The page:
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Find the Best Workout for You

Ready to get moving? Here's expert advice on finding a fitness routine you'll want to do.
By Annabelle Robertson
WebMD Feature
Reviewed by Kimball Johnson, MD

Want to start exercising but hate the gym? Short on time or motivation? Or maybe you're feeling so out of shape that you don't know where to start?

There is hope, experts say. All you have to do is focus on exercising in a way that suits your personality, lifestyle, and fitness level.

If You Can't Stand the Gym

Never fear. You can still get in shape because movement -- the very thing needed for increased fitness -- can take place anywhere.

"Take a walk, ride a bike, or go for a hike," says Scott Lucett, director of education for the National Academy of Sports Medicine. "Or perform an exercise routine outdoors at a park using your own body weight." Ideas include pushups, squats, squat jumps, crunches, and planks.

Also consider outdoor group classes. They're taking place at parks all over the country, even during winter, and many invite children and babies to join in. If classes aren't your style, look into an adult recreational league. They're in every city and cover sports from soccer to ultimate Frisbee.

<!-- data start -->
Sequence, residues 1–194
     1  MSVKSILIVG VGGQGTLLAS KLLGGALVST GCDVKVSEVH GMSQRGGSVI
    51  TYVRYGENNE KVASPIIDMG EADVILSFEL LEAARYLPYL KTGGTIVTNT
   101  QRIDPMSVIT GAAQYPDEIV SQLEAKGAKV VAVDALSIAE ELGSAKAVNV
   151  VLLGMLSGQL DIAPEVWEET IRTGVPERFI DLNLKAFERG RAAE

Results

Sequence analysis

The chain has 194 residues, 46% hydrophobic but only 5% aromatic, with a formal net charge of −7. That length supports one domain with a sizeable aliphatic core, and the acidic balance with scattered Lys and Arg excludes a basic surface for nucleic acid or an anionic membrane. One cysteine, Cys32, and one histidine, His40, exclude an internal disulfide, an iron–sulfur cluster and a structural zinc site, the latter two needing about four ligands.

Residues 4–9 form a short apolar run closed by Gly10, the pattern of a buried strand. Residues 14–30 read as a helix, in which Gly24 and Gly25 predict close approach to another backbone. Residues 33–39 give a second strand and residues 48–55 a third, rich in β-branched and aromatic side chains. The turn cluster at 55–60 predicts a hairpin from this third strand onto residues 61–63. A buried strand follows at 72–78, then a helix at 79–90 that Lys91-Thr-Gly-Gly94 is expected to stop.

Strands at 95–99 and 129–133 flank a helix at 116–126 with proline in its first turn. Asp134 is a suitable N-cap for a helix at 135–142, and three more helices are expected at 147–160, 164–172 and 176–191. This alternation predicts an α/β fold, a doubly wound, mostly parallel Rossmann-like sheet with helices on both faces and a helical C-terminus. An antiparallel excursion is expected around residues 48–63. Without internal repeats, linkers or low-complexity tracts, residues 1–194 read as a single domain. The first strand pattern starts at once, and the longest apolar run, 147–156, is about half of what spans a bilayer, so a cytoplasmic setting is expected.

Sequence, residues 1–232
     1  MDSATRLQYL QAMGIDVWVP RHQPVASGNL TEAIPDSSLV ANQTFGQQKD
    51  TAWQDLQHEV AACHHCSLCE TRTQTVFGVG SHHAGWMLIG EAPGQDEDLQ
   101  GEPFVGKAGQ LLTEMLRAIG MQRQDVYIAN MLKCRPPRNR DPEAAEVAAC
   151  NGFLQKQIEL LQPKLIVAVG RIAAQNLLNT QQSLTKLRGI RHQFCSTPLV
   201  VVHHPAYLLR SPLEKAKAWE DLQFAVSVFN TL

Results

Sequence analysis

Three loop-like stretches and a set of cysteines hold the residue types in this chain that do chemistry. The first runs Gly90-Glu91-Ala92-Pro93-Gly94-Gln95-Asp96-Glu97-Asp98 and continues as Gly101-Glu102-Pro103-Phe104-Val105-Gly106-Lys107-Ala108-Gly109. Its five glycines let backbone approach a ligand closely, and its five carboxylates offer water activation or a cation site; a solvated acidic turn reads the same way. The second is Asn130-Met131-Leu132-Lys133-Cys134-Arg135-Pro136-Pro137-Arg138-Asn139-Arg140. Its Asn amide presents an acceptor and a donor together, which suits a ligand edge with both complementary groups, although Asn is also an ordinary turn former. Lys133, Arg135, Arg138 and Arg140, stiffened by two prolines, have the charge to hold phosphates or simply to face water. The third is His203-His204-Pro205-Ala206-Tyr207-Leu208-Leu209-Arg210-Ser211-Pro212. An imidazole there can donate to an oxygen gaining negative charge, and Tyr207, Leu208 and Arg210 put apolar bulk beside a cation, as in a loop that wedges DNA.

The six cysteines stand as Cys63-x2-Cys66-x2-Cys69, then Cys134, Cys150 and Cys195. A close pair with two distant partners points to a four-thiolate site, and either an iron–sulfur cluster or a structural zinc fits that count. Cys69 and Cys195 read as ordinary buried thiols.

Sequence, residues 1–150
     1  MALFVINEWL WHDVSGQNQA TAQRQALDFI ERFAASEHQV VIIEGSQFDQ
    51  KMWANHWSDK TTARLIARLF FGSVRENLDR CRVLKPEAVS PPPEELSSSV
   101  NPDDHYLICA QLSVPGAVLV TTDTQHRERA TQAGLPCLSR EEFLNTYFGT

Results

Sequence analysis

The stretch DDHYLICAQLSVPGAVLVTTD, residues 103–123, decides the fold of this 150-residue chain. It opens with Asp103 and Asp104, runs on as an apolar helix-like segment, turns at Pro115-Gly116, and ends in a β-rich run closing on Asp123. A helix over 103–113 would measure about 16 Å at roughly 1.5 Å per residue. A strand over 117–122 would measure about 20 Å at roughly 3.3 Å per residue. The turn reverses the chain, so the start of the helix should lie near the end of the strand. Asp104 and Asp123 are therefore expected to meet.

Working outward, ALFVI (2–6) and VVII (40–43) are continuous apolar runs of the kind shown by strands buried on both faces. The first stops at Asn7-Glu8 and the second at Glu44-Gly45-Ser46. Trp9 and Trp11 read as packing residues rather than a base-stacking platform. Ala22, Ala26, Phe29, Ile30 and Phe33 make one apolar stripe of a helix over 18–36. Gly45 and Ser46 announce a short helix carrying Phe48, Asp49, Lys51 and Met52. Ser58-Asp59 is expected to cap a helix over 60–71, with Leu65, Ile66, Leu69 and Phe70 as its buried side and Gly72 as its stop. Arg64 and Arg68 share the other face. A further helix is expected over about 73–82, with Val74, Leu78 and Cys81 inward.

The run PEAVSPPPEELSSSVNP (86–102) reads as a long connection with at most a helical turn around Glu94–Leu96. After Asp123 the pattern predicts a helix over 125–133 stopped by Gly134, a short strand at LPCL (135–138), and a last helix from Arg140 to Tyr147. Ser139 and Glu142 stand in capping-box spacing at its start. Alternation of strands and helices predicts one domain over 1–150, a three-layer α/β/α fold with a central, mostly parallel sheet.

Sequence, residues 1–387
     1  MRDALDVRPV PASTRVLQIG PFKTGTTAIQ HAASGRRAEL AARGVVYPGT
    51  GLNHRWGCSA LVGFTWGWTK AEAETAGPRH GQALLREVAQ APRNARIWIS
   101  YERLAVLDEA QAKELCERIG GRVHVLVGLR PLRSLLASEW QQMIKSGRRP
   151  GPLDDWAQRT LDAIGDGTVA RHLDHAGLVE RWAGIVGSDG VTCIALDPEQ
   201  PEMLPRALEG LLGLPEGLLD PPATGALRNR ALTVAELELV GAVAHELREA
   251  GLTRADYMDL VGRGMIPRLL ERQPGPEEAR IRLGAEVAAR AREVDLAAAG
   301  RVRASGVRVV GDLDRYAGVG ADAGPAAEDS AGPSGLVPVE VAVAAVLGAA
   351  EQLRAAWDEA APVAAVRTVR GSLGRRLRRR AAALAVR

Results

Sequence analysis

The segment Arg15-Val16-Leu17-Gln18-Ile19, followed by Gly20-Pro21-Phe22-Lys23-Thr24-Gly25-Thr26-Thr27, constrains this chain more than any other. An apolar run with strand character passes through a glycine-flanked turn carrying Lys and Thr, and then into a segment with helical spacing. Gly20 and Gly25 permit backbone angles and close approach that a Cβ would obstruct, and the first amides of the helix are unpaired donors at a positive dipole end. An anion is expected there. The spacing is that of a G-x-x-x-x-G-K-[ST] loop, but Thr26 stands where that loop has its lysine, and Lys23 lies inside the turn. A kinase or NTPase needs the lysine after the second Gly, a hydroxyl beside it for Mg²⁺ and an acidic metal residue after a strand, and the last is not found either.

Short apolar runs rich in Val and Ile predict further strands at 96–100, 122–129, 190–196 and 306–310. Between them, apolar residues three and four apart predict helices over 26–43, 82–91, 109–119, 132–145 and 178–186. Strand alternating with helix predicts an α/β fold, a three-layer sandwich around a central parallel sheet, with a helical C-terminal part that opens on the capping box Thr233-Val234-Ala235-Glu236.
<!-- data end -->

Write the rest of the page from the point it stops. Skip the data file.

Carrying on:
If You're Seriously Out of Shape

Take it slow and look for activities that will give you a more active lifestyle, says Cedric Bryant, chief science officer of the American Council on Exercise.

"Exergames like Wii Fit are a good way to take someone who's a couch potato and give them a little exercise," Bryant says. "By doing something that might be a bit more fun, you might be able to sneak in a little dose of exercise. And the intensity tends to be low or moderate."

Look for simple opportunities to move during your daily routine. "Wear a pedometer and make it a goal to take more and more steps each day with the ultimate goal of getting up to 8,000 to 10,000 steps per day," Bryant says.

Lucett suggests beginners start with 10-minute walks -- 5 minutes out and 5 minutes back -- then gradually increase that by 2 or 3 minutes each week. "The next thing you know," Lucett says, "you'll be walking 30 minutes a day." He also says, though, that people who are seriously out of shape should get approval from their doctor before beginning any exercise program.

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